• Patricia Dallmann says:

      I stated that Hedges review was “scathing,” not that he “added a meaningful critique of Haidt.” I have read only excerpts from Haidt. But what I read was enough to help me see Hedges’s reason for vehement disagreement with his ideas.

      Hedges states in the review: “It [Haidt’s book] puts forth an argument that obliterates the possibility of the moral life.” Hedges does not dismiss Haidt because of a chauvanistic refusal to entertain another’s moral viewpoint but because Haidt does not see moral life as possible. “The take-home message of the book is ancient,” writes Haidt, “that we are all self-righteous hypocrites.” Oh, really? All of us? If all are hypocrites and apparently can’t be otherwise, how does one view Jesus’ admonition “Be ye perfect, even as your Father which is in heaven is perfect.”

      If as Haidt writes, “moral reasoning is a skill we humans evolved to further our social agendas–to justify our own actions and to defend the teams we belong to,” then George Fox was mistaken. For Fox, moral reasoning, moral probity, and moral strength originated with and was put to the service of God. It was not social agendas, justifying his own actions, or defending the Quaker team that he cared for; he cared for Truth. Though I haven’t read Haidt’s book – nor do I intend to – I doubt if there’s any mention of the Truth, the Truth that makes us free from cultural constrictions that Haidt seems to believe is all there is to morality.

      In my first post, this reference to the review was a minor point. The main point that I made was that Quaker faith propounds a teleological understanding that allows us to resolve disagreement by coming into a knowledge of and obedience to God.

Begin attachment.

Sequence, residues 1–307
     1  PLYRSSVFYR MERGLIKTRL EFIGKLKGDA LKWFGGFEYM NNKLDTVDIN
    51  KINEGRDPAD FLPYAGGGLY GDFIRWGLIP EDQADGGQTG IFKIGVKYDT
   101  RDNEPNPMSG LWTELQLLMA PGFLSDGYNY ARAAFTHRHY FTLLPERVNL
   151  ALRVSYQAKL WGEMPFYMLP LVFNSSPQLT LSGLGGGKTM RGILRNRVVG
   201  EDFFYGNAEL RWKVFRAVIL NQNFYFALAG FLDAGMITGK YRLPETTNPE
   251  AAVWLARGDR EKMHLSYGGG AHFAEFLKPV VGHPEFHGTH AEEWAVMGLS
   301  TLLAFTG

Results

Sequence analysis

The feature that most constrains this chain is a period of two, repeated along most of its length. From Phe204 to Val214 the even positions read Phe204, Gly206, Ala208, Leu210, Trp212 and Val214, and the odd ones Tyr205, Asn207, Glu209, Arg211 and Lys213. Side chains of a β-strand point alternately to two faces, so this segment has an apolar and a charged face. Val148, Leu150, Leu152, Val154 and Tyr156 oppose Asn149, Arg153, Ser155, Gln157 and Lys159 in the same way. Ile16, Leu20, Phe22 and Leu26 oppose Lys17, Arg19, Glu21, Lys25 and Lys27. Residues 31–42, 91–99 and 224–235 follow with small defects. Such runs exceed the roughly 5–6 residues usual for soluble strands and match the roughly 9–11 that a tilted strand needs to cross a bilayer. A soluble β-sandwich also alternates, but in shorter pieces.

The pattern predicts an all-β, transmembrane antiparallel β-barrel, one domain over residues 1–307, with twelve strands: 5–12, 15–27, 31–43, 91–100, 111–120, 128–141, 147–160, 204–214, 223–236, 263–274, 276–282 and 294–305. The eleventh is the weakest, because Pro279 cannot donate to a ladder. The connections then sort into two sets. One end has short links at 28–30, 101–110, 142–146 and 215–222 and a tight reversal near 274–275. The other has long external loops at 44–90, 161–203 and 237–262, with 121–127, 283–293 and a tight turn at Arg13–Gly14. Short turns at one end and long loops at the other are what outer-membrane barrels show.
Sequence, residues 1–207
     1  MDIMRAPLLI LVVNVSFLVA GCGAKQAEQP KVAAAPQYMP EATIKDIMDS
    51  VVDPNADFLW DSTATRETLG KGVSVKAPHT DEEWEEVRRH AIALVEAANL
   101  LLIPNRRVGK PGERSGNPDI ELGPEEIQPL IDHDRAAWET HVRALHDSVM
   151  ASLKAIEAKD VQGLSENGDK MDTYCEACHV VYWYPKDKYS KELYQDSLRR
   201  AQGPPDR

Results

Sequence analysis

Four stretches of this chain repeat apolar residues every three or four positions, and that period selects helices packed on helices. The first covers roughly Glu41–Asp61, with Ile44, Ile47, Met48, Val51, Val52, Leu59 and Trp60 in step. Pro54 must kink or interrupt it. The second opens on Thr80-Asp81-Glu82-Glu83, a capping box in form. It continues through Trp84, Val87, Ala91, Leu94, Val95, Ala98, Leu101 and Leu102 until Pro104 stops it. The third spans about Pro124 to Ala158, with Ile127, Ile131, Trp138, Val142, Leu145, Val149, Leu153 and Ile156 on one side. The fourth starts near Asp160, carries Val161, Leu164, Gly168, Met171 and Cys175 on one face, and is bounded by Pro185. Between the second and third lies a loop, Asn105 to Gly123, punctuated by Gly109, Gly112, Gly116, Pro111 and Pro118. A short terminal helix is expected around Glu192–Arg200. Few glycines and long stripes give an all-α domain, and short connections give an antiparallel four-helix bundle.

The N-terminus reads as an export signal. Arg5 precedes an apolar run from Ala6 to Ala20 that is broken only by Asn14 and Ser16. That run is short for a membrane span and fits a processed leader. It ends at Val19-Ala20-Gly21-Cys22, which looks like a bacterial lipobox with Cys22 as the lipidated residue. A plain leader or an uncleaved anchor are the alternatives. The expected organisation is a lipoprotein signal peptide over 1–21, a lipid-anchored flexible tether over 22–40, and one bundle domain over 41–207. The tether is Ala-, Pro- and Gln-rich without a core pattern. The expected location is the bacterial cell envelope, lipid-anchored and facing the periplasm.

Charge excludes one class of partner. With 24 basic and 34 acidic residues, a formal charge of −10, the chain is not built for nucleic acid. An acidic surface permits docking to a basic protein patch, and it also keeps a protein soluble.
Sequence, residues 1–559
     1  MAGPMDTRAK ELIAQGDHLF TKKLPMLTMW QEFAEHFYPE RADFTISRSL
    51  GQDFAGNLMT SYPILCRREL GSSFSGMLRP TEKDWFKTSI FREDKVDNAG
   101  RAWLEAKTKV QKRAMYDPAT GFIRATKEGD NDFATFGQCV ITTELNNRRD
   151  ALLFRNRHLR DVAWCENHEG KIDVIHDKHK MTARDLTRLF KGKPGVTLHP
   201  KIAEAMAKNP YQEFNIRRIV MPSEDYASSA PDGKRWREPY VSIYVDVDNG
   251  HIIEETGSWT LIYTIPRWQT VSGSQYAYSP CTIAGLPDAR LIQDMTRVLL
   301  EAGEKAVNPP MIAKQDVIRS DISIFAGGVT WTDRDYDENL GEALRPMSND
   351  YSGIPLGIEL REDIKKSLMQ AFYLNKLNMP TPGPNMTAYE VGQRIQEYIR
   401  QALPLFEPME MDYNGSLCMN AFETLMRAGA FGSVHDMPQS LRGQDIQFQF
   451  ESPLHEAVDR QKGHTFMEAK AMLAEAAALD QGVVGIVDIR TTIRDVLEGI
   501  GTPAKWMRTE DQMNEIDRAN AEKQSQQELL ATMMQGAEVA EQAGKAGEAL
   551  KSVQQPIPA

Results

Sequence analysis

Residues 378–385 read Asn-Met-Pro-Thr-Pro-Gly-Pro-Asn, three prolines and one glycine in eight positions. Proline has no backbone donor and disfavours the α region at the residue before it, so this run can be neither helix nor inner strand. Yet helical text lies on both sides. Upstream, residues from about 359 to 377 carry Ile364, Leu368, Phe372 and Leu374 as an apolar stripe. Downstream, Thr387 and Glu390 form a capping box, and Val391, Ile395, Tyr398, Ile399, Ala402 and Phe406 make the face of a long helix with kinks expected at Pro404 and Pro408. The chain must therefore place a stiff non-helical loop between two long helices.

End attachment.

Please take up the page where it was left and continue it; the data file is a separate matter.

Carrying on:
• Just for the record, I liked the major point of thy first post 🙂

      • “Hedges states in the review: “It [Haidt’s book] puts forth an argument that obliterates the possibility of the moral life.” Hedges does not dismiss Haidt because of a chauvanistic refusal to entertain another’s moral viewpoint but because Haidt does not see moral life as possible”

        How can I convince thee that what Hedges writes here is just not true? Since thee isn’t planning on reading the book, thee will never form an accurate opinion, nor understand my dismay at Hedges’ folly.

        I wish thee could trust me when I say Hedges has not accurately characterized Haidt’s work. He just hasn’t, and though it is perhaps unfair of me to speculate as to why, it is more unfair of Hedges to have done such a disservice to truth.

        Haidt’s own response to Hedges is here:

        Frankly I am shocked, embarrassed and feel a little sick about it. From my perspective, such a disservice to truth (as accuracy) is immoral, particularly as so many people trust his judgment, and seem ready to adopt his opinion as their own without reading Haidt to truly understand how insane Hedges’ response and critique is. Hedges is so intelligent it is hard to believe he could so bizarrely misread the book and Haidt’s work. So I try to excuse him by saying his emotions got the better of him, expressing his righteous anger at the injustices in the world that opposing moral viewpoints support, which is how I read the review.

        If thee feels a need to form an opinion about Haidt’s work, please read it for thyself. Don’t take Hedges’ word for it. He has really badly erred here.